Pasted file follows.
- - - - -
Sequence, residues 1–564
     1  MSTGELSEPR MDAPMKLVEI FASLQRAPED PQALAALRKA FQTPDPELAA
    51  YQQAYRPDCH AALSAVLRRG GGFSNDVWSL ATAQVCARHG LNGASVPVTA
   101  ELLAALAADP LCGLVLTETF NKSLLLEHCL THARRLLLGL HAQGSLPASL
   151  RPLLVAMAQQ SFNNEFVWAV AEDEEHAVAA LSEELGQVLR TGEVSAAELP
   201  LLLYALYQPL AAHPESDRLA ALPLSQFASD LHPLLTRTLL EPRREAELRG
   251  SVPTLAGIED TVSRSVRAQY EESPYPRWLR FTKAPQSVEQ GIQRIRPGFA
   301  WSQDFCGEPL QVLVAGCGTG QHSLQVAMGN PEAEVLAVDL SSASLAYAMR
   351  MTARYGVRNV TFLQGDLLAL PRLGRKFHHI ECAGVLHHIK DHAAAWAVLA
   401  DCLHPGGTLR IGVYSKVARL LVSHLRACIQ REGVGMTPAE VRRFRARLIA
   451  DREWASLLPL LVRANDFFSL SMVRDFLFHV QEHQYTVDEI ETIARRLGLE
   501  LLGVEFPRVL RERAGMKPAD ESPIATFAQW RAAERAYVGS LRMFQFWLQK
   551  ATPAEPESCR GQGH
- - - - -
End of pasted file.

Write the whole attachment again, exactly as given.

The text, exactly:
Sequence, residues 1–564
     1  MSTGELSEPR MDAPMKLVEI FASLQRAPED PQALAALRKA FQTPDPELAA
    51  YQQAYRPDCH AALSAVLRRG GGFSNDVWSL ATAQVCARHG LNGASVPVTA
   101  ELLAALAADP LCGLVLTETF NKSLLLEHCL THARRLLLGL HAQGSLPASL
   151  RPLLVAMAQQ SFNNEFVWAV AEDEEHAVAA LSEELGQVLR TGEVSAAELP
   201  LLLYALYQPL AAHPESDRLA ALPLSQFASD LHPLLTRTLL EPRREAELRG
   251  SVPTLAGIED TVSRSVRAQY EESPYPRWLR FTKAPQSVEQ GIQRIRPGFA
   301  WSQDFCGEPL QVLVAGCGTG QHSLQVAMGN PEAEVLAVDL SSASLAYAMR
   351  MTARYGVRNV TFLQGDLLAL PRLGRKFHHI ECAGVLHHIK DHAAAWAVLA
   401  DCLHPGGTLR IGVYSKVARL LVSHLRACIQ REGVGMTPAE VRRFRARLIA
   451  DREWASLLPL LVRANDFFSL SMVRDFLFHV QEHQYTVDEI ETIARRLGLE
   501  LLGVEFPRVL RERAGMKPAD ESPIATFAQW RAAERAYVGS LRMFQFWLQK
   551  ATPAEPESCR GQGH